Student Affairs Not Permitted To Attend “Vagina Monologues”


Published: May 5, 2010

On April 23, a group of female Fordham students presented the first of three performances of “The Vagina Monologues,” a play by Eve Ensler, to an audience in the South Lounge at Fordham College at Lincoln Center (FCLC). However, the audience, mainly comprised of students and a handful of faculty, was missing one thing: administrative representation.

Cast members of “The Vagina Monologues” wear “This is Not ISIS” T-shirts to address the issue of club funding and representation. (Courtesy of Ashley WennersHerron/The Observer)

“We’ve made a decision in our division that if no administrative units sponsor ‘The Vagina Monologues’ then it would be hypocritical to then have our staff present at ‘The Monologues,’” Michele Burris, associate vice president of Student Affairs, said.

Since Student Affairs, administration and staff are unable to attend “The Vagina Monologues,” they are not allowed to lead any discussion following the performance. The discussions are a regular part of the production, used to promote dialogue about the issues presented by the performance material. James Robilotta, residential director for freshmen, and a representative from counseling and psychological services were originally intended to be the leaders of the discussions, according to Kaisas Peguero, FCLC ’10 and president of In Strength, I Stand (ISIS).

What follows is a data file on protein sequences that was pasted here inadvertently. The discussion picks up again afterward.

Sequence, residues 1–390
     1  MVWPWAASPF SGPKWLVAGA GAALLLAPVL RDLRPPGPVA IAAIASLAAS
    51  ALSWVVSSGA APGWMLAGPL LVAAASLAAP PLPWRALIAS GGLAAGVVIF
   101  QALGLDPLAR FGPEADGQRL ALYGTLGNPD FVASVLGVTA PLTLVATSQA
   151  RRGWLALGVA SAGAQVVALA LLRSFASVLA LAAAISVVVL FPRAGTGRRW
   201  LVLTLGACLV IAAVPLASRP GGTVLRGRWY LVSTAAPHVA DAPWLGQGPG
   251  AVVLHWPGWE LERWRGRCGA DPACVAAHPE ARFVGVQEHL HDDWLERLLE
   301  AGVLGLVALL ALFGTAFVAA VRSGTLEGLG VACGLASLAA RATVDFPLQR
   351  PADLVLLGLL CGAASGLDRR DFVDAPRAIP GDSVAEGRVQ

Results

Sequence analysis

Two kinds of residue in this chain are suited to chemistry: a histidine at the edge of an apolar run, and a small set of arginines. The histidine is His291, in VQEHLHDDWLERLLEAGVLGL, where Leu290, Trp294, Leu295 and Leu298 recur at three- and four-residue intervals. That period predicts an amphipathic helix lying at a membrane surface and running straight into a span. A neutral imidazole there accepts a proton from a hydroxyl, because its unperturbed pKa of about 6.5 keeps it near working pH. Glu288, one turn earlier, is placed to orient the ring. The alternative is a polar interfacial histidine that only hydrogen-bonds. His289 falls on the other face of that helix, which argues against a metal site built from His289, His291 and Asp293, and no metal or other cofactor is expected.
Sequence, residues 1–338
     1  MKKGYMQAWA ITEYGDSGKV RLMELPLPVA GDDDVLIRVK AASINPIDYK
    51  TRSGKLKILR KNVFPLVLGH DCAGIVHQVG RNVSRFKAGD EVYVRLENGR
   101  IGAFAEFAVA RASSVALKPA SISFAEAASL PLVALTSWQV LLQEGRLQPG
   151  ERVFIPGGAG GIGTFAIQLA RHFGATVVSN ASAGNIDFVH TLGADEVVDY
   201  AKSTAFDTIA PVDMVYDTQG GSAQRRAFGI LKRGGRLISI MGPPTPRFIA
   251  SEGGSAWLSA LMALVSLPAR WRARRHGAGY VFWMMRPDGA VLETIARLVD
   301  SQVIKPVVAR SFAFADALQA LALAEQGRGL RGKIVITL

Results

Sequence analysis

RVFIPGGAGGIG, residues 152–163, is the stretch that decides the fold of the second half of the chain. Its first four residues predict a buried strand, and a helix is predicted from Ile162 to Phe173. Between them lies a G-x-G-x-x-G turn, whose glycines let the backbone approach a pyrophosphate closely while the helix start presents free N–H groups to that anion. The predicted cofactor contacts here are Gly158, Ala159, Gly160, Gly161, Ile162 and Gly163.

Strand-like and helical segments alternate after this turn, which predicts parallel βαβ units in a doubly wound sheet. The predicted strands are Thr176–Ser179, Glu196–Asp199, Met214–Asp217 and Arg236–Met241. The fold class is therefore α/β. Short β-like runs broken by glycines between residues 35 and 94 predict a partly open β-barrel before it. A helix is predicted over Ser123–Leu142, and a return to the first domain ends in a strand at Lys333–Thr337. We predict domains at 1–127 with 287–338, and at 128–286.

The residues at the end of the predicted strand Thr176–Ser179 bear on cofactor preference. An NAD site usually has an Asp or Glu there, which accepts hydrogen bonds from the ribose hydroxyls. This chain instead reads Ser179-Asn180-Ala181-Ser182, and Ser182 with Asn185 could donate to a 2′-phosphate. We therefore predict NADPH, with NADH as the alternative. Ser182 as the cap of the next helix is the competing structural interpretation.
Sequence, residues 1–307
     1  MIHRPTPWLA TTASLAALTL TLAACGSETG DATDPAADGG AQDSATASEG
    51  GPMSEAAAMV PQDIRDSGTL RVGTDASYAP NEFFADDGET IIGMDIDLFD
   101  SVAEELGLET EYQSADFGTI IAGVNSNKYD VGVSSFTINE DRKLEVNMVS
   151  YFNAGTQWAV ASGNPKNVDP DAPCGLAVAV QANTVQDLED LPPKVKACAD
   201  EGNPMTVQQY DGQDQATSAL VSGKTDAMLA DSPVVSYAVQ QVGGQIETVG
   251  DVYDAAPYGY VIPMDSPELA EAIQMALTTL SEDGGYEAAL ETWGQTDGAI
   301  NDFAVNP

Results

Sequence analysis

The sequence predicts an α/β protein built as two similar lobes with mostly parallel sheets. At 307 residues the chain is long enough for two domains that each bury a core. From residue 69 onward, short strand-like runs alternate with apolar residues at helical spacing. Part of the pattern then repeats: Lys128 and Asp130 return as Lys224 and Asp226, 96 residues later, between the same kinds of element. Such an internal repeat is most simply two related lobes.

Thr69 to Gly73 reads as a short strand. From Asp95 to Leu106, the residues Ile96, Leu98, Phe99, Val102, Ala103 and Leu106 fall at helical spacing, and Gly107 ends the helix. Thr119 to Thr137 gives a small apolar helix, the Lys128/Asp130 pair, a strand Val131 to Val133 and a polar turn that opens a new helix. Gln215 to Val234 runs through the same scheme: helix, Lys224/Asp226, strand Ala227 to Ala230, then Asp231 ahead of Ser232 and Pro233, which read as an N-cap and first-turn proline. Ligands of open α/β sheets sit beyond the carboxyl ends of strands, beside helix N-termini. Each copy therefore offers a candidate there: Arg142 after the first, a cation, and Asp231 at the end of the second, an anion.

“I was told I could not attend ‘The Monologues’ nor could I facilitate one of the dialogues that took place after each performance,” Robilotta said. “It’s unfortunate that the most well-trained group facilitators  on the campus, counseling and psychological services, could not be there for students who are impacted by this important and powerful piece.”

Luisa Abballe, FCLC ’10 and vice president of ISIS, said, “‘The Vagina Monologues’ is a vessel—a platform that would bring us to a discussion.”